Coronavirus | COVID-19

What is novel coronavirus (COVID-19) and how is it spread?

Arizona COVID-19 Statistics

What is novel coronavirus (COVID-19) and how is it spread?

Coronaviruses are a large family of viruses that are best known for causing the common cold. They are also responsible for more serious respiratory illnesses such as SARS and MERS. The CDC says the new coronavirus can be spread from person-to-person with contact within about six feet or closer. The virus is believed to be spread between people mainly via respiratory droplets produced when an infected person coughs or sneezes, similar to how influenza and other respiratory illnesses spread. The virus can land in the mouths or noses of people who are nearby or inhaled into the lungs.

These drops can also land on a surface, remain there for a number of days and then infect another person who comes in contact with the surface.

Our COVID-19 Sanitizing & Disinfecting Treatments are hospital grade virucidal, safe for humans, pets and food and can be applied quickly. Our process eradicates over 30 different strains of Viruses, Bacteria and Pathogens simultaneously, including those believed to be effective per the Environmental Protection Agency, against SARS-CoV-2 (COVID-19).

Coronavirus cases have hit the United States hard. Employers and employees alike are concerned about how the virus may spread through the workplace. Serious respiratory illnesses are generally spread through coughing or sneezing, touching objects with contaminated hands, and touching your face after touching contaminated objects, according to the Centers for Disease Control and Prevention (CDC). Check the CDC website for the most up-to-date information.

Sanitized Safe

You need a professional.

You need a professional.

Daily cleaning and use of wipes are a great practice for “cleaning”
your environment but you need a professional with today’s technology
to eradicate the harmful germs that cause and spread disease.

Check the CDC website for the most
up-to-date information.

Reducing the Spread of the Virus

For everyone:

  • Wash your hands. Wash your hands. Wash your hands.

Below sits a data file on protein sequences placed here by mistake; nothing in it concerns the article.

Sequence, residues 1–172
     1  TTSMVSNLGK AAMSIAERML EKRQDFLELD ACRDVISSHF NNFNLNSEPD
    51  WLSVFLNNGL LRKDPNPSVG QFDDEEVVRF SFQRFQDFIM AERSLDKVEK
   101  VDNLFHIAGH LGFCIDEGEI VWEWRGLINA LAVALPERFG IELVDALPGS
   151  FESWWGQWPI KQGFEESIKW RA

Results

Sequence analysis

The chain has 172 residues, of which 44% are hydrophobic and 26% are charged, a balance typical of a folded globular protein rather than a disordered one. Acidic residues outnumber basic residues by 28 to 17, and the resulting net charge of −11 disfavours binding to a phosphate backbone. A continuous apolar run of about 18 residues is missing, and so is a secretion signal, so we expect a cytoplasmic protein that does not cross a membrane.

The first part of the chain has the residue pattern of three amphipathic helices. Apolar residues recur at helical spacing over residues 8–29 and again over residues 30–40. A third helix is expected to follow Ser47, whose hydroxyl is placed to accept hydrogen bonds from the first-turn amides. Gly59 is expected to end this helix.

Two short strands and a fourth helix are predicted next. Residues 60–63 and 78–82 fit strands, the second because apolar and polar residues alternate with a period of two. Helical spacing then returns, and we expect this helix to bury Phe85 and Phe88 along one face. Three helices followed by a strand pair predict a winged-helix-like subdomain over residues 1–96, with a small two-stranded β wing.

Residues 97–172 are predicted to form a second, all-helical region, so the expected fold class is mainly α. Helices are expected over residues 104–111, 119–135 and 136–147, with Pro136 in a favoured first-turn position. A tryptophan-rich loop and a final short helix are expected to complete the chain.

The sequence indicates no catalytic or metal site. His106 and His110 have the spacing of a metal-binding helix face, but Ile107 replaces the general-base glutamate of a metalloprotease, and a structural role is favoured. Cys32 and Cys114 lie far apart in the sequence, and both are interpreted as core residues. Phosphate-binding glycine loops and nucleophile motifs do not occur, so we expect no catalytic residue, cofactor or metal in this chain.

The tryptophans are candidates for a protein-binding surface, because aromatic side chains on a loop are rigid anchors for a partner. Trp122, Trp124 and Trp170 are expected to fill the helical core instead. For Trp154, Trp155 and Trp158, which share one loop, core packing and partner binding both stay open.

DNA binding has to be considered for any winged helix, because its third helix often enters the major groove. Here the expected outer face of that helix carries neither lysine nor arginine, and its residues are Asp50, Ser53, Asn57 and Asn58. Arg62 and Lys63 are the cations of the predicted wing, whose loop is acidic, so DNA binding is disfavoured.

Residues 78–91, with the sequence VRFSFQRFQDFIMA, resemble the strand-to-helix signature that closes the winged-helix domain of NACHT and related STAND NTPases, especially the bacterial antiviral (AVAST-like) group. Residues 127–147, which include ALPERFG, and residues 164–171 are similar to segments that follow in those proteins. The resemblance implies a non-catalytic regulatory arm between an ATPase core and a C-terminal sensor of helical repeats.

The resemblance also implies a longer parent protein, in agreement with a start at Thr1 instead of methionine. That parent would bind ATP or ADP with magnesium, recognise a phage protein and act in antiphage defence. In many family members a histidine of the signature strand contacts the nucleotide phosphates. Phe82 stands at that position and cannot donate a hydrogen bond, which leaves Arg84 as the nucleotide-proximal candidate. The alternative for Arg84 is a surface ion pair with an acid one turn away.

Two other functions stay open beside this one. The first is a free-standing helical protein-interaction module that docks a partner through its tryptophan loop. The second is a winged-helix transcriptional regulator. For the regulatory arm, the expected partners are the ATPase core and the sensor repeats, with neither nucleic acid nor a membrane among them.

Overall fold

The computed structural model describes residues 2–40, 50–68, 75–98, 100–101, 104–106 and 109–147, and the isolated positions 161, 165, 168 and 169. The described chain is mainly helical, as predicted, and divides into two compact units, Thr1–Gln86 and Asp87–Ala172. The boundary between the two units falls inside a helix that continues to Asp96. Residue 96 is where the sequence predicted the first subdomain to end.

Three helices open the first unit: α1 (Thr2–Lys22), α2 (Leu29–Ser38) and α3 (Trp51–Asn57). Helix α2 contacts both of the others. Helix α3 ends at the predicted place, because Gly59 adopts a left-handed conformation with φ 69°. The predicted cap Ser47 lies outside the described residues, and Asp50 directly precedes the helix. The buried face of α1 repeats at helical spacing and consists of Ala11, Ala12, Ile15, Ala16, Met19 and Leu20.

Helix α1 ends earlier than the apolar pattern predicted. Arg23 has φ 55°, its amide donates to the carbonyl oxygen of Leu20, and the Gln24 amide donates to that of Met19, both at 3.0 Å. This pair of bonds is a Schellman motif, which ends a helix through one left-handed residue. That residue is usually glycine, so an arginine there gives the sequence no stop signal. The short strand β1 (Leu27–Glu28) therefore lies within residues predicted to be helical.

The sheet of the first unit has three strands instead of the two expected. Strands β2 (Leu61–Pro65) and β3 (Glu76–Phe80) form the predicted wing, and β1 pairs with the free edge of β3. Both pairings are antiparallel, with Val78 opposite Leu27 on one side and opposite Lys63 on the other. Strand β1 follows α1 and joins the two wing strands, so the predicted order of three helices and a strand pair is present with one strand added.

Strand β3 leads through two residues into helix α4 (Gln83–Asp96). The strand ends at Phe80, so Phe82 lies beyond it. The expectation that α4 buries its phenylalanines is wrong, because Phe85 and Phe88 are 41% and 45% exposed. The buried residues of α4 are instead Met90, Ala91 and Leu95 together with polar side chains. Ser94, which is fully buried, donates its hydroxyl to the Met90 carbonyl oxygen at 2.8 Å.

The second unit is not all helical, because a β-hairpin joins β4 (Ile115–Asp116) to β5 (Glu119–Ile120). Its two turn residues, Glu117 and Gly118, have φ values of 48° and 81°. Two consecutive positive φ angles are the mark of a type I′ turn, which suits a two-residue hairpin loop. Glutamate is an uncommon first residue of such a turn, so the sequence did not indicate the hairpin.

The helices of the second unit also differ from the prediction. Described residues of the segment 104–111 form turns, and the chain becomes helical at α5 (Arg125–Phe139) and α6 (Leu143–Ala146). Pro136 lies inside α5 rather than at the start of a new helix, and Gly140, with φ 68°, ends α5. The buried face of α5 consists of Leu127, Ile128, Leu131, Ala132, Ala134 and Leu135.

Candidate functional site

• Have hand sanitizer available at entrance areas.


For office environments:

  • Can your employees work from home or perhaps on a rotating schedule? (i.e. stagger by cubicles or work stations, so no one is working within 6-10 feet of each other).
  • Have office visits take place from the door, when possible and one-on-one meetings can take place in a larger conference room or outdoors. Use intercoms, instant messaging, or video calls when possible in the office.
  • If essential office work needs to occur within the office, employees should practice social distancing of six feet when possible and everyone in a shared space should wear a face mask over their nose and mouth.
  • If equipment needs to be shared, use your knuckle or stylus to press buttons or use anything – like a tissue or a piece of tape – as a barrier between the equipment and your finger or have the users wear gloves.
  • Bring a lunch to avoid going to public dining environments.
  • When standing at office doors, avoid touching or leaning against door or door frames.
  • If possible, implemented new or diverse work schedules.


For manufacturing and factory environments:

  • Can your employees reduce sharing of workspaces?
  • If equipment needs to be shared, can your employees wear gloves and change them out each time they leave the shared equipment?
  • Can you split up your teams in separate shifts and keep them separate?
  • Can employees work facing away from one another and wear a face mask that covers their nose and mouth?


  • Limit vendors entering your facility. Keep them outside.
  • Use gloves or a stylus when handling signature pads.
  • Use gloves when handling packages or deliveries.


Equipment Sharing

  • Provide gloves and hand sanitizer at each of these locations and provide a process to properly disinfect the equipment each time it is used.
  • Remove the public use of coffee machines, soft drink machines, and food equipment. Use signs to warn employees to not use their fingers and hands on these items.
  • Provide hand sanitizer at all high-touch point areas (Kitchens, bathrooms, reception, conference rooms, etc)


Common Spaces

  • Limit/close all shared spaces that are not business essential unnecessary, including break rooms, seating areas, cafeterias, lounges. If necessary to stay open only allow a single chair at each table or keep everyone at least six feet apart.
  • Prop open all doors that people are forced to open/close



During times of massive change, crisis and dramatic life and work adaption, make sure you communicate with your employees on a regular basis.
Leadership and Department heads should meet with their teams daily or weekly at a minimum. Your employees need to know you have things under control.